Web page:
The heart of a bankruptcy case is the use of “exemptions” to protect the debtor’s property. To put it another way, people file bankruptcy cases with attorneys in order for the attorney to protect their property from being taken by the bankruptcy trustee. The exemptions are noted in Schedule “C” of the bankruptcy petition.
Official Form 106C of the bankruptcy petition is known as Schedule C: The Property You Claim Exempt. The instructions to this section read:
“Be as complete and accurate as possible. If two married people are filing together, both are equally responsible for supplying correct information. Using the property you listed on Schedule A/B: Property (Official Form 106A/B) as your source, list the property that you claim as exempt....For each item of property you claim as exempt, you must specify the amount of the exemption you claim. One way of doing so is to state a specific dollar amount as exempt. Alternatively, you may claim the full fair market value of the property being exempted up to the amount of any applicable statutory limit. “
The exemption amounts are a big deal. These are the dollar amounts which protect debtor’s equity in their real and personal property.
Each State has its own exemptions scheme. Or if the State does not have an exemption scheme, then the State uses the Federal Exemptions amounts. ( 11 U.S.C 522(b)(3))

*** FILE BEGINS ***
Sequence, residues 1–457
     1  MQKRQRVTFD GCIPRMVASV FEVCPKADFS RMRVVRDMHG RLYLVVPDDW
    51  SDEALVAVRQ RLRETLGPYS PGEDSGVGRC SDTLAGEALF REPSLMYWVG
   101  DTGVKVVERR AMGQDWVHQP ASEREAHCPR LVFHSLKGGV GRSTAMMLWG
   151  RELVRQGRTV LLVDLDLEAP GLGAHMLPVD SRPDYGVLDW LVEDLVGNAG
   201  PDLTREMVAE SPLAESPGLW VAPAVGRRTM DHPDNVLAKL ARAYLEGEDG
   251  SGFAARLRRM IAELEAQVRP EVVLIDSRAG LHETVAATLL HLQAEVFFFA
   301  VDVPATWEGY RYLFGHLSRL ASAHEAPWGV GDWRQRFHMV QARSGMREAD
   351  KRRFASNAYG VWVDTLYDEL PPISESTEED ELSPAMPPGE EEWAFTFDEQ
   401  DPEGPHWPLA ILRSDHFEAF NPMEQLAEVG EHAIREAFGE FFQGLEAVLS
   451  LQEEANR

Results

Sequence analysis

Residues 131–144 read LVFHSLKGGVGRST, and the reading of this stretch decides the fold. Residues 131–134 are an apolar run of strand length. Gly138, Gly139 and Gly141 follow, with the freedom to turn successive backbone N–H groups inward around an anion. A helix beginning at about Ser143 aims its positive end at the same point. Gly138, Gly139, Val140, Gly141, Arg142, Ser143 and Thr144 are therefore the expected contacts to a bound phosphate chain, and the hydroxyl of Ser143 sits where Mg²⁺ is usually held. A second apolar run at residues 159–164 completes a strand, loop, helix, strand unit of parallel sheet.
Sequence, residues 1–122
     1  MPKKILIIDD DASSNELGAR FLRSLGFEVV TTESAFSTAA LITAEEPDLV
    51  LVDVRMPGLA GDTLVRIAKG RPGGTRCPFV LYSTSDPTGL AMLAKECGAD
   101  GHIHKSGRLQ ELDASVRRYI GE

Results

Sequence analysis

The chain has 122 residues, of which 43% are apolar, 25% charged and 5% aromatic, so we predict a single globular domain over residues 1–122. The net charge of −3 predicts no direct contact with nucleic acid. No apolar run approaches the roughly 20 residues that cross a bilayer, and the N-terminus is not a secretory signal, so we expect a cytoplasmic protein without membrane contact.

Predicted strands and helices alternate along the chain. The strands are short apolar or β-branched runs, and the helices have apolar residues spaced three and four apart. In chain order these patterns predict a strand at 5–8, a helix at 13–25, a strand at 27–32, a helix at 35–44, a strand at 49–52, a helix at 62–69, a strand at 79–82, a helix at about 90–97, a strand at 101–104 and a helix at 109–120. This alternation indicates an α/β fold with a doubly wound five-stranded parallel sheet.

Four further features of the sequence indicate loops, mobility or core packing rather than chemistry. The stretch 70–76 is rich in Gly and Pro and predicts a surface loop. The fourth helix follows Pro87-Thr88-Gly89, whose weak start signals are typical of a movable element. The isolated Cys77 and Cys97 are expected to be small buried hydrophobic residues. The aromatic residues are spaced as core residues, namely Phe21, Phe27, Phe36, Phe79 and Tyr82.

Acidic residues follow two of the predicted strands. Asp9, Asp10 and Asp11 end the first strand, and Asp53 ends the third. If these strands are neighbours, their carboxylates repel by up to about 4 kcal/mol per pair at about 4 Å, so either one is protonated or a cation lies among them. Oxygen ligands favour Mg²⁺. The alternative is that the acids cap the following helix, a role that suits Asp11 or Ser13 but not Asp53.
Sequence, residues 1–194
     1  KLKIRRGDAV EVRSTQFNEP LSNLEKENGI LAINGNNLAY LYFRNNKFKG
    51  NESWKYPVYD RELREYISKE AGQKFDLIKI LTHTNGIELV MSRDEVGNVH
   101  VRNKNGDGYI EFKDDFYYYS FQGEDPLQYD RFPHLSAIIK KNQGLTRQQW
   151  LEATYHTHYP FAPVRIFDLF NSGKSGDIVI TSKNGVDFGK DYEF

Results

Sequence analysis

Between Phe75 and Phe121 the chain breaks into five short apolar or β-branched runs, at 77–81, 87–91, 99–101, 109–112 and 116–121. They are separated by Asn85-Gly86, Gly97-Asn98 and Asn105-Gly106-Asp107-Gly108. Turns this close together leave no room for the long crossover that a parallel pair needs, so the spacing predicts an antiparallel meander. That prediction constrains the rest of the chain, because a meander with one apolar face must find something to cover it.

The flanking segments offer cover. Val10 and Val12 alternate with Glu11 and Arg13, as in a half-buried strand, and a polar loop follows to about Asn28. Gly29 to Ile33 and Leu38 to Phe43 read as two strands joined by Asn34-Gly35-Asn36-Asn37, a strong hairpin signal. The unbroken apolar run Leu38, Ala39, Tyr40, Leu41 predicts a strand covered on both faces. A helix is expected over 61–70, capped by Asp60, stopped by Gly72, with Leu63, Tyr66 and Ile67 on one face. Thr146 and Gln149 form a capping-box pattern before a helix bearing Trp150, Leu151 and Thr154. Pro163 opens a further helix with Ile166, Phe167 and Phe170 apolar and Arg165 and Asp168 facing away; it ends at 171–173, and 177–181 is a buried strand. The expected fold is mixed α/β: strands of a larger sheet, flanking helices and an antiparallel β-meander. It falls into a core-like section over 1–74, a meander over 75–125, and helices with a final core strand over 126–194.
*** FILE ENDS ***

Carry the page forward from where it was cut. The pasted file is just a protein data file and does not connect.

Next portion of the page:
In California, the State Legislature has opted out of the Federal exemption scheme and has the California State set of exemptions. That are found at the California code of Civil Procedure Section 703 and Section 704. This code sections are mutually exclusive such the use of CCP704 precludes the use of CCP 703. and the reverse is also true.
The California Code of Civil Procedure may be found in most law libraries or online. The dollar amount of protection are updated from time to time. A current chart of many California exemptions is found at https://www.courts.ca.gov/documents/ej156.pdf .
Practice Pointer: The Judicial Counsel form EJ-156 has the most up-to-date exemptions amounts. However the Judicial Counsel form does not contain all the exemptions and exemption amounts. The exemptions in California are adjusted once every three years. The next adjustment is scheduled for April 1, 2022.
These exemption amounts are also provided by bankruptcy software programs. But use the Judicial Counsel forms to verify the accuracy of any exemption amount.